Noninvasive test improves detection of aggressive prostate cancer
50% of treatments could have been avoided using new tool, UCLA-led study finds
A team of researchers from UCLA and the University of Toronto have identified a new biomarker found in urine that can help detect aggressive prostate cancer, potentially saving hundreds of thousands of men each year from undergoing unnecessary surgeries and radiotherapy treatments.
Prostate cancer can be easy to diagnose, but classifying patients into risk groups has been challenging. Current tools, which include PSA tests and biopsies, have high error rates and can cause severe health complications such as life-threatening infections. Testing for biomarkers in urine is noninvasive and accurately helps to distinguish slow growing cancers from potentially life-threatening ones.
Under current screening tools, about 25% to 40% of men are diagnosed with clinically insignificant disease, meaning the prostate cancer is slow growing and would most likely not have any significant damaging health effects. Yet, these men often still get treated, which leads to major costs for both the individual and the health care system. An additional 20% to 35% of men with prostate cancer diagnoses don’t get enough treatment, and often suffer relapse of the disease.
“We currently do not have accurate biomarkers to help determine the aggressiveness of prostate cancer that are not invasive,” said Paul Boutros, director of cancer data science for the UCLA Jonsson Comprehensive Cancer and senior author of the study.
The standard clinical care to determine whether someone has prostate cancer is to undergo a biopsy procedure. A needle is inserted into the prostate and a tiny piece of the prostate tissue, both normal and tumor cells, are removed. But that’s invasive and brings all sorts of clinical risks, Boutros said. Another way to detect prostate cancer is with a blood draw, which is less invasive but not always accurate. The easiest way to evaluate the prostate is to take a sample of the urine, since the prostate will always be shedding things into the urine as part of its natural biology, Boutros said.
Through a multidisciplinary team, the researchers were able to identify a biomarker using the microRNA in urine, which may give physicians insight into how far a tumor has spread and how it may best be treated. These small pieces of RNA that were used to develop the biomarker are involved in prostate cancer development and progression; influence how men respond to treatment; and are detectable in urine, making this detection tool a promising noninvasive option.
“We developed a three-stage experimental strategy that would maximize statistical and data science considerations to give us the best chance of finding a biomarker to predict prostate cancer aggressiveness,” said Boutros, who is also a professor of urology and human genetics at the David Geffen School of Medicine at UCLA.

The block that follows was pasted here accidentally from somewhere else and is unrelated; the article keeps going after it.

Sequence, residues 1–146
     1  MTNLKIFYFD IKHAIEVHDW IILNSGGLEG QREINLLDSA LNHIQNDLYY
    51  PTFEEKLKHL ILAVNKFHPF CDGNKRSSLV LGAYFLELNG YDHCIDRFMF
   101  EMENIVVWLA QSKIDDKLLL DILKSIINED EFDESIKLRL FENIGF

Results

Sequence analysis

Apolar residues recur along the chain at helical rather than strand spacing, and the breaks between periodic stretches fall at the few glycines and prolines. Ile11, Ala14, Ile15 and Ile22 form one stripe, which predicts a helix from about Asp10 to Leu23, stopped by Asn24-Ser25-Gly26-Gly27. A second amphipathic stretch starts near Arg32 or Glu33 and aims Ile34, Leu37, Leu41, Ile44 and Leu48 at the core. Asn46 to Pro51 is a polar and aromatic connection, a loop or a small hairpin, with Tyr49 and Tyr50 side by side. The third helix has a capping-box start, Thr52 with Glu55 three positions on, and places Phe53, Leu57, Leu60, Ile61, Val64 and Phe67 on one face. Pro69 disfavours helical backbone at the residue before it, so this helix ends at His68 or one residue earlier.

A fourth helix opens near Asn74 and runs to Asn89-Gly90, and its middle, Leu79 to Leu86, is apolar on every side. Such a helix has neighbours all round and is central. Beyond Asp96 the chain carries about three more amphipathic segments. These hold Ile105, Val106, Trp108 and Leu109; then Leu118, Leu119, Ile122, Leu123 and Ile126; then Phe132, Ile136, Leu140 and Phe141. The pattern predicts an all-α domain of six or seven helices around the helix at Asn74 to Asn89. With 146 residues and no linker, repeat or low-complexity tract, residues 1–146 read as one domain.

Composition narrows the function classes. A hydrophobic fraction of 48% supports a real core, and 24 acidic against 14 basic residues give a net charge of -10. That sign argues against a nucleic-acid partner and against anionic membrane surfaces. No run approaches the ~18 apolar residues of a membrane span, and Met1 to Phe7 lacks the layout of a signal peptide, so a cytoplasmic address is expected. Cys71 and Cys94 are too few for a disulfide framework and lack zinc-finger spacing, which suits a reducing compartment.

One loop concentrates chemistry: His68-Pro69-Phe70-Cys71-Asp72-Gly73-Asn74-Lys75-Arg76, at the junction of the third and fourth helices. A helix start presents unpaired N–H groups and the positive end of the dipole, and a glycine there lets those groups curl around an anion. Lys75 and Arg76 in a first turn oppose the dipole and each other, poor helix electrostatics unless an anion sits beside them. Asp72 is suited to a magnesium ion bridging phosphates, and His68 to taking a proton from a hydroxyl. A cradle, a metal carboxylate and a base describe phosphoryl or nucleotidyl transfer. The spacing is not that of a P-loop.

To test the noninvasive application, the team worked with 149 men to create and validate a biomarker to show that it works well and could be used to predict the likelihood of an aggressive prostate cancer. Participants in the study were evaluated for at least three years, allowing researchers to fully understand how their cancer changed over time.
“Being able to go beyond just a snapshot in time is critical because you are able to focus in on the trends that are associated with the cancer, which is really the most important thing to distinguish in order to develop an accurate biomarker,” Boutros said.
The team found the biomarker was successful in identifying high-risk individuals and it achieved similar accuracy as compared with the invasive tissue-based tests. In the study, the test accurately identified 80% of aggressive cancers. The researchers estimate that about 50% of treatments were unnecessary and could have been avoided by using the noninvasive test.
“What this test does is gives the clinician, the patient and their caregivers confidence in their treatment plan,” Boutros said.
The study was published in the Journal of the National Cancer Institute.
Dr. Jouhyun Jeon from the Ontario Institute for Cancer Research is the study’s first author. Nineteen other authors contributed to this study and are listed in the journal article.
The study was supported by the Government of Ontario, the Movember Foundation, the Canadian Cancer Society, Prostate Cancer Canada; and by a grant from the National Cancer Institute’s Early Detection Research Network.
UCLA’s Jonsson Comprehensive Cancer Center has approximately 500 researchers and clinicians engaged in cancer research, prevention, detection, control, treatment and education. One of the nation’s largest comprehensive cancer centers, the UCLA Jonsson Comprehensive Cancer Center is dedicated to promoting research and translating basic science into leading-edge clinical studies.
Related Journal Article